The Ten Commandments were given by God to Moses on two tablets. The first tablet consisted of laws between man and God, such as belief in God and observing Shabbat. The second tablet contained laws between man and man, such as don’t kill, don’t covet. The Mabit (Rabbi Moshe ben Yosef Di Trani, 1500-1580) points out that on the tablets, the laws between man and man were inscribed using fewer words and a larger font than the laws between man and God. This is to emphasize the central importance of the laws between man and man. To merit receiving the Holy Torah, we must first treat others with kindness and respect.
Rabbi Chaim Vital (1543-1620) used this concept to explain why the Book of Genesis comes before the Book of Exodus. Genesis is filled with lessons on the proper way to treat others, which we must learn before we reach the Book of Exodus and the giving of the Torah. Similarly, Torah portion Yitro starts with a depiction of the “shalom bayit” (peace in the home) of Moses’ family, then continues with Yitro helping Moses set up a justice system to ensure fairness to all. Only after making peace in the family and the community are the Jewish people ready to receive the Torah from God.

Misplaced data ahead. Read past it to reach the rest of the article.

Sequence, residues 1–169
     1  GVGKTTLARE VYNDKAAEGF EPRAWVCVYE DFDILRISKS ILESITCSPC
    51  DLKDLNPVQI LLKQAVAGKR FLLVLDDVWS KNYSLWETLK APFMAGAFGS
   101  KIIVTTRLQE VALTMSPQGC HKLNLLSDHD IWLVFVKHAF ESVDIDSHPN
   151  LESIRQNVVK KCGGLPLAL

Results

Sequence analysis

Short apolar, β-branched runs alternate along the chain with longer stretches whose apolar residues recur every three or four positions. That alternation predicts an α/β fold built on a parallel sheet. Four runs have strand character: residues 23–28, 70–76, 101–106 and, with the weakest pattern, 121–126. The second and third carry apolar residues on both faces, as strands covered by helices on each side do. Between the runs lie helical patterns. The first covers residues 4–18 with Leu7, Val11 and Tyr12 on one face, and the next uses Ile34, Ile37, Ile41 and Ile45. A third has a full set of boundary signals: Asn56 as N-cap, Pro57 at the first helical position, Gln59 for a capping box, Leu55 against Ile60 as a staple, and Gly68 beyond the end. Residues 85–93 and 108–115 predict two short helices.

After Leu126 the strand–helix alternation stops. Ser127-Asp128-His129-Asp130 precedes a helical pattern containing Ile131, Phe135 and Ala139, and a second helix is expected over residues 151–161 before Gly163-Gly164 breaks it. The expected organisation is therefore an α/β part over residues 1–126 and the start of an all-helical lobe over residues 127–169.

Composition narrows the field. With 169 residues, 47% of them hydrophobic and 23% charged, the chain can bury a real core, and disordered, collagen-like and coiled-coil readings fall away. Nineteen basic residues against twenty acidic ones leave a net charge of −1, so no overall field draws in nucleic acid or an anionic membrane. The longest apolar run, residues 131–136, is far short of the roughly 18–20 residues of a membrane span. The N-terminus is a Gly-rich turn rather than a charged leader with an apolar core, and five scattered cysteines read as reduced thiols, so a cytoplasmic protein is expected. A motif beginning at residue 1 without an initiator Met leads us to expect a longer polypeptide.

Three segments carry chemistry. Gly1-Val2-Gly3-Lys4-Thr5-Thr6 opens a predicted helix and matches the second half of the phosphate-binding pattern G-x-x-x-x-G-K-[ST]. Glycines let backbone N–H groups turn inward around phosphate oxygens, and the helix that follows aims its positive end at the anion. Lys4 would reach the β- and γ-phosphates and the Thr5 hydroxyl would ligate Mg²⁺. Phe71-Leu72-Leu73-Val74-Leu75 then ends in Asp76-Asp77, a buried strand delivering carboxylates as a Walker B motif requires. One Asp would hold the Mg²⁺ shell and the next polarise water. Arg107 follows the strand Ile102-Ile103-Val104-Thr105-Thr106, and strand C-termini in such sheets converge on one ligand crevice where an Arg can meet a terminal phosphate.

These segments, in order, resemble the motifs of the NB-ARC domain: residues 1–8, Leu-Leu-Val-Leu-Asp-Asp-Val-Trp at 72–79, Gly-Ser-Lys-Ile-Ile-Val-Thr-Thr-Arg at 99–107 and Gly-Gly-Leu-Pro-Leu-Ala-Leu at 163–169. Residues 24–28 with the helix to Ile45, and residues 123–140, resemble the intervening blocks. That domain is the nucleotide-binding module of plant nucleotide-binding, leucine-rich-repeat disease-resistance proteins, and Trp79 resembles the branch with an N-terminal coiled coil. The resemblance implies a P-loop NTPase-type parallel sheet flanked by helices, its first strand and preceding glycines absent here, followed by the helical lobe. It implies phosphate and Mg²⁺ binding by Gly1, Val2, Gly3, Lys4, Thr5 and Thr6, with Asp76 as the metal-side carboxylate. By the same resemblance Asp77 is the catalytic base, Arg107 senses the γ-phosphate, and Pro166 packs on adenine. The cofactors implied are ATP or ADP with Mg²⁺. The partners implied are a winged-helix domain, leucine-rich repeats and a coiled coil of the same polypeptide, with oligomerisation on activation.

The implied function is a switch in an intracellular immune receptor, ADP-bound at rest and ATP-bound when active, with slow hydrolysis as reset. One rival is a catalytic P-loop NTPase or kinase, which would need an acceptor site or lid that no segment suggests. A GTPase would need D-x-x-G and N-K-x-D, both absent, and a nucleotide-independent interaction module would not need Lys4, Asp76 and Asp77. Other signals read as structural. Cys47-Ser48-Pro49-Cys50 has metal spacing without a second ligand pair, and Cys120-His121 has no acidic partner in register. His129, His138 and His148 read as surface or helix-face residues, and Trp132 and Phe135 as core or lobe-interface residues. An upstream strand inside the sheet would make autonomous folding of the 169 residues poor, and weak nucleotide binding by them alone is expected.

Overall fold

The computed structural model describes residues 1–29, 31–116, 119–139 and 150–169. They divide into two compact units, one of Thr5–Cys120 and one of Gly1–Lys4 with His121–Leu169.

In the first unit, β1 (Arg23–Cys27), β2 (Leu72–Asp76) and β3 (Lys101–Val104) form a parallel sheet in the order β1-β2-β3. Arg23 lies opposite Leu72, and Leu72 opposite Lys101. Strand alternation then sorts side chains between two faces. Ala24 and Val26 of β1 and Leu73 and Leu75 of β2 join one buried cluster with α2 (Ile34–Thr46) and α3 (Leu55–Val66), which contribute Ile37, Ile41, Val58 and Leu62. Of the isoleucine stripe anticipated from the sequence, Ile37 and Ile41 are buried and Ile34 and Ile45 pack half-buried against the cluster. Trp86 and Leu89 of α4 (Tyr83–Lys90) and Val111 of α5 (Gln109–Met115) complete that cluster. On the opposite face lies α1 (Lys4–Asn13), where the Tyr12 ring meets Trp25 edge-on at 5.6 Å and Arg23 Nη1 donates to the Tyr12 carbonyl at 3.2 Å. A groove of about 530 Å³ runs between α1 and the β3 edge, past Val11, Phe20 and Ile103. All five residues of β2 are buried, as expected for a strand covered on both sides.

Image: “Moses and Aaron with the Ten Commandments” by Aron de Chavez, 1675